April 16, 2014 by Speakers' Spotlight
Spotlight On: Bob McDonald, Host of CBC Radio’s Quirks & Quarks
Loved by audiences across Canada for making complex scientific issues understandable, meaningful, and fun, Bob McDonald is in high demand. A fixture in broadcasting for more than 30 years, he is currently the host of CBC Radio’s Quirks & Quarks–the award-winning science program that is heard by 500,000 people each week–and is the author of numerous bestselling books. We’re thrilled to put Bob in our spotlight:
What inspired you to want to be a speaker?
I’ve been on stages since grade school, singing, dancing, performing in plays. That continued on stages and in theatres at the Ontario Science Centre, then on radio and television, so it was a natural progression to become a speaker.
Any advice for aspiring speakers?
Don’t read your speech. Speak freely and from the heart. The words will take care of themselves.
What do you like to leave audiences with?
I want audiences to feel a sense of wonder about our universe, the power of science to appreciate it, and how privileged we are to live on this precious and rare little planet.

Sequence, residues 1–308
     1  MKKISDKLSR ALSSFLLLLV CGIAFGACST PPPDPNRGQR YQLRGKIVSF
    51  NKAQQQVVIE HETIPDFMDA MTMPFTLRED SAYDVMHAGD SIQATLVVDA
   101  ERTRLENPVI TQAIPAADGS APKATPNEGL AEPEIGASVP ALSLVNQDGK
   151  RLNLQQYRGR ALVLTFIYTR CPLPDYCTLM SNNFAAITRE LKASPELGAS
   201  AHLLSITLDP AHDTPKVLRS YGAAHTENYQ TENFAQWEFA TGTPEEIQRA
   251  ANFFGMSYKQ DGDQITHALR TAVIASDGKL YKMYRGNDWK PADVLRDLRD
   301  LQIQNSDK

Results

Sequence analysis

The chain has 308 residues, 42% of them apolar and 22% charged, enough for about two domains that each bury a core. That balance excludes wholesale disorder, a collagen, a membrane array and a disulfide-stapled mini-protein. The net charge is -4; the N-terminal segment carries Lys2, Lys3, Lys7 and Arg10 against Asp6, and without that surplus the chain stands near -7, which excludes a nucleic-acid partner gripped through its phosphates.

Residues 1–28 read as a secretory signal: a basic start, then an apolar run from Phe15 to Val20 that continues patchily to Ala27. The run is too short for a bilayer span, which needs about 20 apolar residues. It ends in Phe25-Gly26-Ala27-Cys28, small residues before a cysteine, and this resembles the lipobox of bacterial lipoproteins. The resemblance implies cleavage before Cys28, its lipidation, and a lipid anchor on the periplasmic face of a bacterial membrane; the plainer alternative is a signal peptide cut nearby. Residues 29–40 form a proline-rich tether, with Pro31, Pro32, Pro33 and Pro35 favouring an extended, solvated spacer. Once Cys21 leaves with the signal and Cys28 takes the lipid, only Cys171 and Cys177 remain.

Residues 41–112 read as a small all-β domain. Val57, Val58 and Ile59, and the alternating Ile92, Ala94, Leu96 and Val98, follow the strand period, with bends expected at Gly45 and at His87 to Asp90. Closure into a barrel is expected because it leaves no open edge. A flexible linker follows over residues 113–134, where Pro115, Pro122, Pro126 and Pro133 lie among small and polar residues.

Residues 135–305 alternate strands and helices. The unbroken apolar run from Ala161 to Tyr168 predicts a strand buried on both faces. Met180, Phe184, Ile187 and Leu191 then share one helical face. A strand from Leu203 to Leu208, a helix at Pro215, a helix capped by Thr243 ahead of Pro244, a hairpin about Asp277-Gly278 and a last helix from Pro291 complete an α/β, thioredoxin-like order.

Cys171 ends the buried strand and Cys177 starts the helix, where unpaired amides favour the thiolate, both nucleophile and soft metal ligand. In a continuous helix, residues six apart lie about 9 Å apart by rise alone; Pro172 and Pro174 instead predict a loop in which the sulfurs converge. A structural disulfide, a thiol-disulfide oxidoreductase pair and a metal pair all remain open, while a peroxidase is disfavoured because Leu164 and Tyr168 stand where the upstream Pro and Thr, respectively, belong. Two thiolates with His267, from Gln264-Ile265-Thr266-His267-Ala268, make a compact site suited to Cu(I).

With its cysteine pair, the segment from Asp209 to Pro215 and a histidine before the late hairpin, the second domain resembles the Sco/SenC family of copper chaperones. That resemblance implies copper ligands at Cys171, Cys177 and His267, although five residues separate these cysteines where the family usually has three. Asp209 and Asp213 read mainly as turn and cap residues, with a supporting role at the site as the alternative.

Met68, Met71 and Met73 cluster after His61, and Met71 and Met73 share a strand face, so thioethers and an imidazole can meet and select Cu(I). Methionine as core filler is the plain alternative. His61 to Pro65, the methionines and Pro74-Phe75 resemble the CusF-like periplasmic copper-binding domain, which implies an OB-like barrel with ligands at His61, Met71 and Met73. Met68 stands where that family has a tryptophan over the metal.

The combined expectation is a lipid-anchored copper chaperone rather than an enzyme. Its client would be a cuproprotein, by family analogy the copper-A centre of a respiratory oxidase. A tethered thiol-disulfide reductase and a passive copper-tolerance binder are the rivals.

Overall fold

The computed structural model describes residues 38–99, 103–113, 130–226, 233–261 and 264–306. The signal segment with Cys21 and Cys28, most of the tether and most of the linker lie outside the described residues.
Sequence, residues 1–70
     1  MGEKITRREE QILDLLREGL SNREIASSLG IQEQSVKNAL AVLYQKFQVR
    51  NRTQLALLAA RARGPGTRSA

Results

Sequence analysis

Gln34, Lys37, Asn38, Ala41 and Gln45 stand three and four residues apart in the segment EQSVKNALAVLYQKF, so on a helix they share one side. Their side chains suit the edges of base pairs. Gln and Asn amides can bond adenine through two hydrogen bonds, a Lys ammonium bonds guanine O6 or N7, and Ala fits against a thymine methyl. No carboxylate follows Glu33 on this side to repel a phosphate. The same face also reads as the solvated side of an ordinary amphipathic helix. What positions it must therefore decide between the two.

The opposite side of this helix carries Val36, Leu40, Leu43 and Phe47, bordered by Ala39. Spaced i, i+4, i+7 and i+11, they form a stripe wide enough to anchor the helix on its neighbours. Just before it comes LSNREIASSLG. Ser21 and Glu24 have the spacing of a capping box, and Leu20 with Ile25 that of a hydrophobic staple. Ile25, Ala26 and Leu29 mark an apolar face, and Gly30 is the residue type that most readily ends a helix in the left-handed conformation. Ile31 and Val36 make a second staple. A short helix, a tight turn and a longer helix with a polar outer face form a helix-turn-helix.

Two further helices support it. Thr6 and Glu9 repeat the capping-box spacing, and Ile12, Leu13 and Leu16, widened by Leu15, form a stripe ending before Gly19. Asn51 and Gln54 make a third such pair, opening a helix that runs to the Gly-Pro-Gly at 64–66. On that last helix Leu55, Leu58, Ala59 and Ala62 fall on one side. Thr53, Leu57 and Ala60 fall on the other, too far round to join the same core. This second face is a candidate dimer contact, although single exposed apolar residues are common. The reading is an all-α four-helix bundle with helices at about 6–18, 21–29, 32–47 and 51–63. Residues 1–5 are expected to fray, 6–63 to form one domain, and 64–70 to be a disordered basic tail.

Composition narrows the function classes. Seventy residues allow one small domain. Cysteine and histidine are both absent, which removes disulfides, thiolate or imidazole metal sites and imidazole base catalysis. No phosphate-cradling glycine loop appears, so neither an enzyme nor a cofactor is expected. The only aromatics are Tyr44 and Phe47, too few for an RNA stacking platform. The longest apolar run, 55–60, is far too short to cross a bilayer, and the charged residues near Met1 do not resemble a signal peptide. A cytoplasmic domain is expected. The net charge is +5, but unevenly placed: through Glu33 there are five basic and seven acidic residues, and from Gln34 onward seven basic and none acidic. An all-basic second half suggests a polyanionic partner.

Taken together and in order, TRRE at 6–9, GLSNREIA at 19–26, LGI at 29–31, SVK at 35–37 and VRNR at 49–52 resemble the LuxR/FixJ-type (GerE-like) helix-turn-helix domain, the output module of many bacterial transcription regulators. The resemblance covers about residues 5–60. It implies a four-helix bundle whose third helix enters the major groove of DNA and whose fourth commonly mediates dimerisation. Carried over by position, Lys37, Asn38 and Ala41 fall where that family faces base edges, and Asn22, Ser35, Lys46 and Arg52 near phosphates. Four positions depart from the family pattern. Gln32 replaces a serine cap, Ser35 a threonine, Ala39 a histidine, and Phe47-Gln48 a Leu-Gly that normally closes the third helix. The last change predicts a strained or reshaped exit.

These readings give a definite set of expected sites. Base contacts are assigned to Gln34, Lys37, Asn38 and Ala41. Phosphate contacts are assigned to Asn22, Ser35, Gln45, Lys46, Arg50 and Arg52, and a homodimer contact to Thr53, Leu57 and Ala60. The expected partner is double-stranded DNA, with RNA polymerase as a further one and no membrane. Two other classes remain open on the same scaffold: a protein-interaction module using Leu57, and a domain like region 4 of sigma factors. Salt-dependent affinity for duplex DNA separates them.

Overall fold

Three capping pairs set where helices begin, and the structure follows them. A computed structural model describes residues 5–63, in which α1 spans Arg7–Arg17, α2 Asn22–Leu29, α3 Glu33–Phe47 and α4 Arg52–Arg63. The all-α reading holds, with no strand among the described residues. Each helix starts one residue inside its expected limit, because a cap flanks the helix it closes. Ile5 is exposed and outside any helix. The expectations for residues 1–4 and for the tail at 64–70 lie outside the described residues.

How do you prepare before a talk? Any special rituals? A good luck talisman?
I prepare my slides, which are images only, no words on the screen. They form a flow of thought. Before taking to the stage, I think about my opening words to the particular audience and that flow of thought. Sometimes I will write a few key words on a napkin but they are just a mental rehearsal. I never use notes.
Do you have an especially memorable event you can tell us about?
Hosting the 50th anniversary of Canada in Space introduced me to the original pioneers who built Allouette One, our first satellite that was launched in 1962, making Canada the third country in space.
Any funny or embarrassing situations you found yourself in as a speaker?
My event to university students was held in an atrium with huge windows that allowed the sun to shine directly on the screen, making my slides totally useless. I had to improvise a speech about the values of science using my body and volunteers from the audience. Turned out to be one of the best speeches I ever gave.
Is there a charitable cause that you feel passionate about? Why?
All charities are worthwhile.
If you had to choose a new career, what would it be?
If I could, I would be an astronaut. Still working on becoming a space tourist.
Desert island artist?
Last book you read?
I read science books throughout the year for my job, during the summer I read science fiction and trashy, escapist spy novels.
Last film you saw?
Catherine Zeta Jones.